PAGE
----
[EM] Voting methods & utility

Bart Ingles bartman at netgate.net
Tue Nov 14 23:18:53 PST 2000

LAYTON Craig wrote:
> For some time, I've been seeing comments relating to maximising utility in
> voting systems.  Very rarely have these comments had anything to do with
> utility/utilitarianism.  As a committed utilitarian, I would like to clear a
> few things up;
> The preferred candidate (whichever way you determine who this is) is not
> necessarily the best candidate.  It is impossible to design a voting system
> to select the best candidate.

Agreed -- the goal should be to reflect the will of the voters.

> Systems like Borda, cardinal ranking &c. are NOT utilitarian.  They have
> nothing to do with utilitarianism.  There might be a crude 'preference
> satisfaction = utility' argument, but this isn't really adequate.  These
> voting systems normalise preferences (so that everyone's top & bottom score
> is the same, no matter how strongly they feel about the candidates).  Also,
> the consequences of a non-majoritarian candidate winning are severe enough
> to mitigate any utility advantage these systems might have.

Also agreed -- no voting system can reflect true aggregate utility and
still be fair.  The reason is that there has to be some equality in
voting power between voters.

The second point -- that a non-majoritarian candidate is undesirable --
is a good reason not to collect data unless you're sure you can use it
fairly & accurately to reflect the will of the voters.  Systems using
rankings are constrained by the need for self-consistency, using some
standard such as Condorcet's or Borda-symmetry.  The only way to "bend"
the results to make them better reflect strength of preference is to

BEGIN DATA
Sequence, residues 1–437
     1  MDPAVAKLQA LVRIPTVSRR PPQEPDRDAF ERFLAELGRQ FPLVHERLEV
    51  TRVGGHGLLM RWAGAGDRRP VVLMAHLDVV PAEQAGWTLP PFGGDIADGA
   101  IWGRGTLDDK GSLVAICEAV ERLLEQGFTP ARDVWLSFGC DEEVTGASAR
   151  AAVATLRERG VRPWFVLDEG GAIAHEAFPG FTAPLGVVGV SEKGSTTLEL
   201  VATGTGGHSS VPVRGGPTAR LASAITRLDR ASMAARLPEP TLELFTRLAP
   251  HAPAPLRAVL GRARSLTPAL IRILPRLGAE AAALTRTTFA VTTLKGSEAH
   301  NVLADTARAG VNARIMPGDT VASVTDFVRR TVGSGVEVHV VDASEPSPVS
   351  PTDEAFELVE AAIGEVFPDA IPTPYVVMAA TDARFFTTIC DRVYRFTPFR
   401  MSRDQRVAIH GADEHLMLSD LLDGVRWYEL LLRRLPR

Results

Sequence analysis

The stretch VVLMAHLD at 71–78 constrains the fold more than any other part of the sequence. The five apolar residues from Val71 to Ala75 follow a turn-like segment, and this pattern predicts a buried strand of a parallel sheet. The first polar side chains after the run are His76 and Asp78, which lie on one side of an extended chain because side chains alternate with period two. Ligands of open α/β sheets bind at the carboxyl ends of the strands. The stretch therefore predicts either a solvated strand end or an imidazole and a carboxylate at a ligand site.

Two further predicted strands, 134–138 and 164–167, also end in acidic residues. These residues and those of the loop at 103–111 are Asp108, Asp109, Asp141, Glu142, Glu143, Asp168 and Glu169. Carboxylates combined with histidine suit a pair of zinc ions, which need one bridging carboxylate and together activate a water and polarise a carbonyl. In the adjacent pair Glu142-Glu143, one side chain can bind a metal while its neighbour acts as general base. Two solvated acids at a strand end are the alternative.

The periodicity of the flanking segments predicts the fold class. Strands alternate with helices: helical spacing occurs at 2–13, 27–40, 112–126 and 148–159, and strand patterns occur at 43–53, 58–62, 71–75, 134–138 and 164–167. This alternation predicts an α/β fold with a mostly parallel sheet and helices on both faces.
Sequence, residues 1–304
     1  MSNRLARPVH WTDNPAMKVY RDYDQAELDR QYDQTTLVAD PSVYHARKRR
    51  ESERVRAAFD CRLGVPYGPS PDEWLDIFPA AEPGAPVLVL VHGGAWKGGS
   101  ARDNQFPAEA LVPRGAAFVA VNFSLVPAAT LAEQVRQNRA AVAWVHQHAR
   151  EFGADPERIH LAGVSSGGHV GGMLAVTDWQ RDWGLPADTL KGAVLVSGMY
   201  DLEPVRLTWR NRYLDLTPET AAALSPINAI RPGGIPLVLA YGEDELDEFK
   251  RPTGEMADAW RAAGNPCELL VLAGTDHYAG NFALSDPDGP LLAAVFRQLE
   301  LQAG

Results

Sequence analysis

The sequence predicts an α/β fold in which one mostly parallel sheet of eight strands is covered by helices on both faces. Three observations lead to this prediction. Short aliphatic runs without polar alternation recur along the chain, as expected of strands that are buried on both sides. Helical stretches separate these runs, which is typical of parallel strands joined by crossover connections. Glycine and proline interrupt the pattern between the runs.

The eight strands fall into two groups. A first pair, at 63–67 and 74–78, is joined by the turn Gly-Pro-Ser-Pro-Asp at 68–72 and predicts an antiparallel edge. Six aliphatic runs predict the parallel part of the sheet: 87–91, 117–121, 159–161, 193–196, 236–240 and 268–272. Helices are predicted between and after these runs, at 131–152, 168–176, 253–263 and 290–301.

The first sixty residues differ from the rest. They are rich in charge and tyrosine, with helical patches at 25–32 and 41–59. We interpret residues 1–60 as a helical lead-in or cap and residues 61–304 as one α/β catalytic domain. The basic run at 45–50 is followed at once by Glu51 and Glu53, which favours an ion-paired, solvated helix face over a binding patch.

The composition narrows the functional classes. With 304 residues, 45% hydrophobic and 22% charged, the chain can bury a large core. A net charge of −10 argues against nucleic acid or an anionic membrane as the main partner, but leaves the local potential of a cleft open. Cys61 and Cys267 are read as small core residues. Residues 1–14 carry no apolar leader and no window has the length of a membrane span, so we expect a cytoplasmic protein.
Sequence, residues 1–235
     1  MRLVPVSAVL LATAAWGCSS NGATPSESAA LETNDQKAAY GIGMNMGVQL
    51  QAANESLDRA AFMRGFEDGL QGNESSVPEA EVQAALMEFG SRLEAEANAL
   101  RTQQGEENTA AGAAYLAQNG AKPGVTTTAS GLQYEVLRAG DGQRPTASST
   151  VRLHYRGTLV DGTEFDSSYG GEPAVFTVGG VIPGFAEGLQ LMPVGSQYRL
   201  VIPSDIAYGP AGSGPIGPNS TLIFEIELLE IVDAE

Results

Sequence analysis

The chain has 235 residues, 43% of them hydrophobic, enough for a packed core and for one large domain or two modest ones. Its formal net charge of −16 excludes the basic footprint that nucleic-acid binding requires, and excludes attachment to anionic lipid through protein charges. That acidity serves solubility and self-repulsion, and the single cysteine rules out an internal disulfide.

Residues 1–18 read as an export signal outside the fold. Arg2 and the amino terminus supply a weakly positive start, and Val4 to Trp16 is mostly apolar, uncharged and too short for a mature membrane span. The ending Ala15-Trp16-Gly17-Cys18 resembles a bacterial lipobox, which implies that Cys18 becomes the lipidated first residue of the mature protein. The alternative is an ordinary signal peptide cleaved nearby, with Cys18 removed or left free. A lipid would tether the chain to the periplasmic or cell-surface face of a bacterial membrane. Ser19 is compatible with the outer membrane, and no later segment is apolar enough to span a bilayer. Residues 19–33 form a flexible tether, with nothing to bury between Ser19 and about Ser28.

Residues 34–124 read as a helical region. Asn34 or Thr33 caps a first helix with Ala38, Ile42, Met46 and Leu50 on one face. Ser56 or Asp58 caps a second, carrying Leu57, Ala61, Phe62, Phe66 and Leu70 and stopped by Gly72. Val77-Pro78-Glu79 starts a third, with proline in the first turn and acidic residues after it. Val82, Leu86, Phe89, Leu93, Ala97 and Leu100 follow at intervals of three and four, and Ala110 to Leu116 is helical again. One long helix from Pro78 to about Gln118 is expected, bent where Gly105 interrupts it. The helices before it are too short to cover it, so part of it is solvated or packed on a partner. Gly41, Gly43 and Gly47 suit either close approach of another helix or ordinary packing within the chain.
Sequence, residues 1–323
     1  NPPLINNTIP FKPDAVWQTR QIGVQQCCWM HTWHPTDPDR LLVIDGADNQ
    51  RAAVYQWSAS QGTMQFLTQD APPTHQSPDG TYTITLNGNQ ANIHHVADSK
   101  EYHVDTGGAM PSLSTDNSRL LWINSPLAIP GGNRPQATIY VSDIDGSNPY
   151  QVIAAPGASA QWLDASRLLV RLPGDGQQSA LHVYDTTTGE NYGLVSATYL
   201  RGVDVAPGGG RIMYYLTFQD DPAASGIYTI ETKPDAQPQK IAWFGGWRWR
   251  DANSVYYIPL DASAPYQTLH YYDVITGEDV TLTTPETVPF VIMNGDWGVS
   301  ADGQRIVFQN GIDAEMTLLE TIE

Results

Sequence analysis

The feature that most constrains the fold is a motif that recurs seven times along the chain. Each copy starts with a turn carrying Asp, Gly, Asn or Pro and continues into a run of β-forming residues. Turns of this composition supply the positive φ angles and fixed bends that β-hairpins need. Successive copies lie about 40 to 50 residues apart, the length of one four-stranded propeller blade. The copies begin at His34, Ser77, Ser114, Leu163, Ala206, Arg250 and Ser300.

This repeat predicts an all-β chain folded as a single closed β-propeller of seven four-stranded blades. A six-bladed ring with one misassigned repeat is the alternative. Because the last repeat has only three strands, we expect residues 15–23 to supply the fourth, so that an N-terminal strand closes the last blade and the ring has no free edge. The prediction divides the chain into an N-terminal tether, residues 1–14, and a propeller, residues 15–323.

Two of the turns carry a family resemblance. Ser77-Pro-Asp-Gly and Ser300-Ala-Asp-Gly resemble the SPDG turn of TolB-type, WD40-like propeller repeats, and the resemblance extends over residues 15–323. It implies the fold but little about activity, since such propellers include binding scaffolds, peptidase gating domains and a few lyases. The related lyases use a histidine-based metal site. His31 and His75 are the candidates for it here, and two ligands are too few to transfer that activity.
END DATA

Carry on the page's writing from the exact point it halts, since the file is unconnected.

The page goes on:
rely on strategy.

> There is perhaps some argument about, say, weighting voting systems to
> eliminate the most disliked candidates while maintaining majoritarianism.
> This might be utilitarian, as there are strong reasons to suggest that
> avoiding disutility should be prioritised over maximising utility.
> But, again, this only works well when voters are voting sincerely.

No disagreement here either.

> Elected representatives do not always make decisions in such a way as to
> maximise utility.  There is no reason to suggest that changing the way these
> representatives are elected will change the way in which they make
> decisions.  The task of utilitarians (and indeed most political
> philosophers) is to challenge the decisions that representatives make.  How
> those representatives get to power does not significantly affect
> utilitarianism, unless the system that got them there causes some
> significant disharmony (or the reverse).  There are few proposed systems
> that do this (perhaps non-majoritarian systems are the only ones).

So what you're saying is that 'utilitarianism' will never be used in its
correct context on this list.  In which case I don't see much harm in
using the term 'utility' in a way that it has frequently been used (or
misused) in connection with voting systems.


> I would ask people to think twice about referring to utilitarianism / social
> utility &c. when discussing voting systems.

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